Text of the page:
17:21 GMT21 June 2021
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    The US has seen Chinese activity around Scarborough Shoal and a top US naval officer expressed concern that China may be expanding its presence.

    Chinese dredging vessels are purportedly seen in the waters around Fiery Cross Reef in the disputed Spratly Islands in the South China Sea in this still file image from video taken by a P-8A Poseidon surveillance aircraft provided by the United States Navy
    © REUTERS / U.S. Navy/Handout via Reuters
    Situated in waters disputed between China, Taiwan, and the Philippines, Scarborough Shoal is now being seen by US government officials as the next potential site for increased Chinese activity in the South China Sea.

    Admiral John Richardson, the US Navy’s chief of naval operations, reportedly expressed concern saying that there is increased Chinese “surface ship activity” near Scarborough Shoal.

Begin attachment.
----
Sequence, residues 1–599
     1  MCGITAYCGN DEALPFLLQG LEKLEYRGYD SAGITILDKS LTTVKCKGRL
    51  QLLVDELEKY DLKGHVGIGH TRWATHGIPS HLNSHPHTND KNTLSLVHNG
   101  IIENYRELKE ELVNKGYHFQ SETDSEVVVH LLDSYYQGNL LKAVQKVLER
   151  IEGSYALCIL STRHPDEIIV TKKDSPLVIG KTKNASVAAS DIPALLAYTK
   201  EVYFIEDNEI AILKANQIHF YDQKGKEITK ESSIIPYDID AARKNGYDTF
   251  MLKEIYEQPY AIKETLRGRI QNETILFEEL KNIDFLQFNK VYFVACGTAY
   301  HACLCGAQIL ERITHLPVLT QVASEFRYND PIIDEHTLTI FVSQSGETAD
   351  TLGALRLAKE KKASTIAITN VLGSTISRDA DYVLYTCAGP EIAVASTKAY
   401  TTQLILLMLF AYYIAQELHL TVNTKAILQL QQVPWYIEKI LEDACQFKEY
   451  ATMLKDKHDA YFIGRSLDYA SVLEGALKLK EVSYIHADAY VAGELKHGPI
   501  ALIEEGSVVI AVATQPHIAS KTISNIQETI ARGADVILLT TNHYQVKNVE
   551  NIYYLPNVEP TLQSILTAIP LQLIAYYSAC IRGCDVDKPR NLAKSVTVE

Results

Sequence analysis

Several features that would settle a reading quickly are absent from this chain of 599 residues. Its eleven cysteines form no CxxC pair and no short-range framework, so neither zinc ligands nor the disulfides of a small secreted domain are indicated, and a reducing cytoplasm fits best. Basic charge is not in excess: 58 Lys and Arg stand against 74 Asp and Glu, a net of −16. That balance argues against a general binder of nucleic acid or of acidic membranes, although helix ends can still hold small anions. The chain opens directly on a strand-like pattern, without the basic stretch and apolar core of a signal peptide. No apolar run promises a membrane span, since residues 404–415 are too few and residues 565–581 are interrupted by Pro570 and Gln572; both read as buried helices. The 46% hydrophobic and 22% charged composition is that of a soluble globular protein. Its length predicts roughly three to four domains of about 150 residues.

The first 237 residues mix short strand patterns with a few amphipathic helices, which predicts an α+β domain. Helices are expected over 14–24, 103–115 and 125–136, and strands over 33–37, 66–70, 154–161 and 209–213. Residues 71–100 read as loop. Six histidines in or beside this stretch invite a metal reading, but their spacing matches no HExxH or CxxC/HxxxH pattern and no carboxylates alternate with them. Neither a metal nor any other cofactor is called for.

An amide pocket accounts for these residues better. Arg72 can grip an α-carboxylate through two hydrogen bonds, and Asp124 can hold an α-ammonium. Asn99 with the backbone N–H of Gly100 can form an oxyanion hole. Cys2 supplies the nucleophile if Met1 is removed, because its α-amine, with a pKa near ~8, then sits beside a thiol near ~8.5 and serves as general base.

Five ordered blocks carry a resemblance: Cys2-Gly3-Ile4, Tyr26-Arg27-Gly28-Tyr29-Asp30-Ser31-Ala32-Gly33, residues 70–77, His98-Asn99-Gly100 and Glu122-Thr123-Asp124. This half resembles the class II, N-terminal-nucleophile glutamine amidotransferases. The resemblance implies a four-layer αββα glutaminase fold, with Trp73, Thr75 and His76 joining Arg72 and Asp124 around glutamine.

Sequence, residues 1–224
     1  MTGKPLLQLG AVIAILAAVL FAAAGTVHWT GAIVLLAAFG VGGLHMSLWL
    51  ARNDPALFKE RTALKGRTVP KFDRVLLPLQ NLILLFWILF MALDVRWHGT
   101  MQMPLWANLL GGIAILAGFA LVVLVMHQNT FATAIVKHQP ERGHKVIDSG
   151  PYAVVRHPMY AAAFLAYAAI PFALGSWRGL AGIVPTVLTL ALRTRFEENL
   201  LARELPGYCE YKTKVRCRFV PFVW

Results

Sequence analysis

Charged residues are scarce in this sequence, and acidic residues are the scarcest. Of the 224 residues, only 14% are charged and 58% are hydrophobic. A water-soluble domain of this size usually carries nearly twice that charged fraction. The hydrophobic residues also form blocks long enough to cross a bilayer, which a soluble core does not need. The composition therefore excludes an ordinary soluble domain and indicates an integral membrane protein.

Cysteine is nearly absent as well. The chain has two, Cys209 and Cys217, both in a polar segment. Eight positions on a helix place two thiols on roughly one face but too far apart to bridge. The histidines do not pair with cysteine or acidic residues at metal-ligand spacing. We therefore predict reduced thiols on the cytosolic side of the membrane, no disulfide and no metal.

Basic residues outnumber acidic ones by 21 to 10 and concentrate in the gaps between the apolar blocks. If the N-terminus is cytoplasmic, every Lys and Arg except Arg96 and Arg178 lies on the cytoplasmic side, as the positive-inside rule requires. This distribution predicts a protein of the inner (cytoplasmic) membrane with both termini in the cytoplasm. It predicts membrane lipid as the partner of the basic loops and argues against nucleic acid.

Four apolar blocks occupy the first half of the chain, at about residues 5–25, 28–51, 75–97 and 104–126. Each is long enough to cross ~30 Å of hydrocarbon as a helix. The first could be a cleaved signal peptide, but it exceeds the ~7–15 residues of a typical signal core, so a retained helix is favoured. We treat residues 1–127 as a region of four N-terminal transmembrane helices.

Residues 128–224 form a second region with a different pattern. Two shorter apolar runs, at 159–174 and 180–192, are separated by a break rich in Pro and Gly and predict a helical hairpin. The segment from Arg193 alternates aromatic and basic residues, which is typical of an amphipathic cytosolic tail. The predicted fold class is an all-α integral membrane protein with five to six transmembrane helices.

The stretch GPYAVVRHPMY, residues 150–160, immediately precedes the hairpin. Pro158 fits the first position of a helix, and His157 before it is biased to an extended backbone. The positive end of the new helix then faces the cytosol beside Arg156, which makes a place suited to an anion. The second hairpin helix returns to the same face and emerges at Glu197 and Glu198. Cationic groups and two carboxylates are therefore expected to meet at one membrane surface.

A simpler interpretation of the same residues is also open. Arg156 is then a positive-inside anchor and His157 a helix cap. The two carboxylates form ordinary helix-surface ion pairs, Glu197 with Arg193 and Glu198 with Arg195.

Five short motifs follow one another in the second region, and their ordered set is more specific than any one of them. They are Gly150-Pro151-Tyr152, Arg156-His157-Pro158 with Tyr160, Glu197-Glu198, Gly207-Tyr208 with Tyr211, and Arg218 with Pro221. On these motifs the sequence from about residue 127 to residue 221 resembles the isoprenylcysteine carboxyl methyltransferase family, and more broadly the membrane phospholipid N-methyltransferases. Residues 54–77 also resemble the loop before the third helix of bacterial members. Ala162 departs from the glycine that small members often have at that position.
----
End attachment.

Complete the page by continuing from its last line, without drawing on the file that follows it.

“Richardson said he didn’t know if Chinese activity at the shoal had anything to do with the pending decision at the Permanent Court of Arbitration in The Hague in Philippines v. China, a case filed by Manila that has asked the international court to rule on China’s excessive maritime claims in the South China Sea,” The Diplomat reported.

    Lu Kang, a spokesman for China's Ministry of Foreign Affairs, said it was hypocritical for the United States to criticize China for militarizing the region when it carries out its own naval patrols there.

    “This is really laughable and preposterous,” he said.

    The Philippine foreign ministry said it had yet to receive a report about Chinese activity in Scarborough Shoal.

    Richardson said the United States would welcome the participation of other countries in joint patrols in the South China Sea, but those decisions needed to be made by the countries in question.

    Earlier reports demonstrated that the US intends to deploy B-1 heavy bombers in Australia, further fueling tensions over disputed territories in the South China Sea.


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    militarization, disputed islands, The Diplomat, US Navy, South China Sea
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